This morning, the European Court of First Instance announced that it would uphold the European Commission's decision that Microsoft has abused its dominant market position.
The Court ruled that Microsoft did this by refusing to supply and authorise the use of interoperability information and by tying together the Windows client PC operating system and Windows Media Player. Although the court essentially upheld the Commission's decision, it did annul certain parts relating to the appointment of a monitoring trustee, which it say have no legal basis in Community law.
ORG welcomes the Court's decision, which is good news for consumers and business alike. As ORG advisory council member Ian Brown points out over at Blogzilla:
"The network effects in many digital markets make competition law more vital than ever if we are to see vibrant free markets. A loss today for the Commission's competition directorate would have been disastrous, forcing them to tread much more carefully in regulating digital monopolists."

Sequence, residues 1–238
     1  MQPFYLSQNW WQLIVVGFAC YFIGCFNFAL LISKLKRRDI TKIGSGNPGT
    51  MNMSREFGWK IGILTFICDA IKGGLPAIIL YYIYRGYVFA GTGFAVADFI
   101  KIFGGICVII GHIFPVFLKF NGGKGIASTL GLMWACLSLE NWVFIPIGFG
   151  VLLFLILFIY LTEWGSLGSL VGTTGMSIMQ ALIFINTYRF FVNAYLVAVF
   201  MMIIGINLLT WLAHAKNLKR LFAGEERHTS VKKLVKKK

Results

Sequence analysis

Groklaw has good analysis and pointers to reactions from the Free Software Foundation, Samba and others. Text of the full judgement is available here; initial reactions from Microsoft are available here.
ORG's Becky Hogge will be on the BBC1's one o'clock news today discussing the decision with the their technology correspondent, Rory Cellan-Jones.